Category Archives: History

Complete set of A Short History of Byzantium audio for sale

There is a very rare opportunity to purchase the hugely enjoyable and authoritative  complete and unabridged audiobook of John Julius Norwich’s “A Short History of Byzantium”, brilliantly narrated by John McDonough. From its beginnings in A.D. 330, this audiobook provides listeners … Continue reading

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Over 60 pristine shipwrecks, many Byzantine, found in Black Sea

What claims to be the biggest ever maritime expedition, led by British Professor Jon Adams of the University of Southampton, set off to investigate climate change in the Black Sea three years ago, but found many ancient shipwrecks as well. … Continue reading

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A very long way from home: early Byzantine finds at the far ends of the world

Through the wonders of the complex web and links of social media I came across this post the other day by Dr Caitlin Green on her personal website. She is a historian and writer whose professional interests lie in the … Continue reading

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Christmas Day diversion – In Our Time Byzantium

If you need some diversion from food family and fatuous television this Christmas, you might like to listen to this BBC Radio 4 In Our Time programme from 2001, where Melvyn Bragg and guests discuss the culture, history and legacy … Continue reading

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Ancient textiles from the East in Western churches and museums

Julianna Lees is compiling a list of Eastern textiles pre-1200 in Western churches & cathedrals, and a photographic resource to go with it. She is interested in Silk Road influence, Sassanian fragments, Byzantine, shrouds, etc. On her Flickr site she … Continue reading

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Holidaying in Amalfi and finding Byzantium

When we think of the Amalfi coast most will think of spectacularly beautiful, and fashionable towns clinging to precipitous rock faces, expensive hotels, and maybe even the odd film star walking the streets of Amalfi or Positano. Made popular as … Continue reading

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Was the Ottoman Empire really history’s longest-lasting empire?

It was one of the most resilient empires in world history, but how did it start? And why did it end? This article was first published in the May 2016 issue of History Revealed Was the Ottoman Empire really history’s … Continue reading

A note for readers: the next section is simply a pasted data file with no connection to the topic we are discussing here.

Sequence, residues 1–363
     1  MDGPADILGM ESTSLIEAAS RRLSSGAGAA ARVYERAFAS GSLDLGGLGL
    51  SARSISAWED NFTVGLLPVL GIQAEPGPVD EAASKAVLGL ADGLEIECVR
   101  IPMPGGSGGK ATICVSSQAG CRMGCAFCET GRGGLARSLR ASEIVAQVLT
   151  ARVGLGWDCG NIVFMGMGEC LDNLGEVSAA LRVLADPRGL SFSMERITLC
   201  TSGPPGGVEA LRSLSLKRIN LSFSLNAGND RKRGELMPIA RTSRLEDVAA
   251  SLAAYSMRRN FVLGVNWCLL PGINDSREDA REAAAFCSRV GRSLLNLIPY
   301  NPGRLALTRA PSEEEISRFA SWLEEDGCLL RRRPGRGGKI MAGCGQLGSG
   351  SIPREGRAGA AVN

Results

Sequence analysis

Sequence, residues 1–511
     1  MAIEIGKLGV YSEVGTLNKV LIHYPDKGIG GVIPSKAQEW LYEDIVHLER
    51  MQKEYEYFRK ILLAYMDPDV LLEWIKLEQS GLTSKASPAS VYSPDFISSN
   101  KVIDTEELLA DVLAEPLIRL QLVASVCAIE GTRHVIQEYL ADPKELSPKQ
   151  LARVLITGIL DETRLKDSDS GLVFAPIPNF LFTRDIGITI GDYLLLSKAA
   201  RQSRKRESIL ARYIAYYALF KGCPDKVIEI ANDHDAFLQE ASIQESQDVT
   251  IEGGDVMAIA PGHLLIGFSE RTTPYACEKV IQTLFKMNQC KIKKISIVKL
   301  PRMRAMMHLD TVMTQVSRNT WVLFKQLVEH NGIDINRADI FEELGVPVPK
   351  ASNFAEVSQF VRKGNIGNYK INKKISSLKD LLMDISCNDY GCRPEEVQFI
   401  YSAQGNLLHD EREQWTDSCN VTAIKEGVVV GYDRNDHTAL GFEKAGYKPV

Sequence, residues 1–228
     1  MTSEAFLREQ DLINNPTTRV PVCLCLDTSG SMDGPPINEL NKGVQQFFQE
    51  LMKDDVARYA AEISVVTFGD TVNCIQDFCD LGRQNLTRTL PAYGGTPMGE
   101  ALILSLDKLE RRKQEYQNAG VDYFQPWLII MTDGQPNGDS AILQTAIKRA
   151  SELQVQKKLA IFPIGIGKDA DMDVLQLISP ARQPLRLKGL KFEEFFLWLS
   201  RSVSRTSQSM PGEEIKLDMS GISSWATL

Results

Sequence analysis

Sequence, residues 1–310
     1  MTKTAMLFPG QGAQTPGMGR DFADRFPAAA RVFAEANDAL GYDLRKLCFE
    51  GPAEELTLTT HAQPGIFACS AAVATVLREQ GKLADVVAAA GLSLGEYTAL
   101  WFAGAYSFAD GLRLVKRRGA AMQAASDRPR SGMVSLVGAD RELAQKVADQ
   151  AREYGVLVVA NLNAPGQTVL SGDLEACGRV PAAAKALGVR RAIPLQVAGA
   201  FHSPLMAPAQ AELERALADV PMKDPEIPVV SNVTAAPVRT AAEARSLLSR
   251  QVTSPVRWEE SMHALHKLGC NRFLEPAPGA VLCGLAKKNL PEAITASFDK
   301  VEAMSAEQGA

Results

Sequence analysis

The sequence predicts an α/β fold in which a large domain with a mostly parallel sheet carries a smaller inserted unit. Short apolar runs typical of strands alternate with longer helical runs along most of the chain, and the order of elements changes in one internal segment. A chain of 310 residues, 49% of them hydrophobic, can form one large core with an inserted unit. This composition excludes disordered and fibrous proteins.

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New Book: Greek Fire and its contribution to Byzantine might

We have all heard of Greek Fire. We know of the contribution that it made to certain naval victories for the Byzantines, wreaking terrible destruction on those on the receiving end. Little however is known about the weapon. How was … Continue reading

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Power couples and princesses in purple: coinage of Byzantine empresses

In the Byzantine empire power was technically vested in the emperor. Nevertheless, a number of empresses played an important part in government and even took control… Most commonly empresses came to power as regents for young sons, implying a fixed … Continue reading

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Shipwrecks found in Istanbul’s Yenikapı shed light on ancient ship production

Thirty-seven shipwrecks discovered underwater during the Marmaray subway construction in Istanbul’s Yenikapı shed light on ship production technology in ancient eras. First published in Hurriyet Daily News. An inventory of the types of wood used in the production of 37 … Continue reading

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Julian The Apostate – Last Pagan Emperor

At the end of June AD 363 in the north of what is now Iraq, a Roman emperor died from a fatal wound after a battle and with him the last hope of paganism in the Roman empire died. By … Continue reading

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Ruins of Forgotten Byzantine Port Yield Some Answers, Yet Mysteries Remain

After a drought revealed the seawall of a Byzantine Empire harbor town near Istanbul, archeologists excavated what was a thriving ancient center. But how does it fit into the city’s 1,600-year history? By Jennifer Pinkowski. First published in Scientific American, … Continue reading

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Event: AD 312 Constantine’s Victory at the Battle of the Milvian Bridge – British Museum, 3 November 2012

This sounds like a cracker! The Roman Society and the Association for Roman Archaeology will mark the anniversary of the Battle of the Milvian Bridge with a series of four lectures exploring the significance and legacy of the battle, the … Continue reading

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In Bulgaria, Roman Grandeur East of Italy

The Balkans define the meeting of East and West, between what we know as the Western Roman Empire and the so-called Byzantine Empire. The fault line of history and different religious orthodoxies, A true melting pot of cultures which has … Continue reading

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On the anniversary of the critical battle of Manzikert

On hearing of the approach of a large Byzantine army, the Tukish ruler raised his siege of Aleppo and marched into Anatolia to fight the advancing forces. by Niki Gamm ISTANBUL from Hürriyet Daily News The Seljuk Turks first entered … Continue reading

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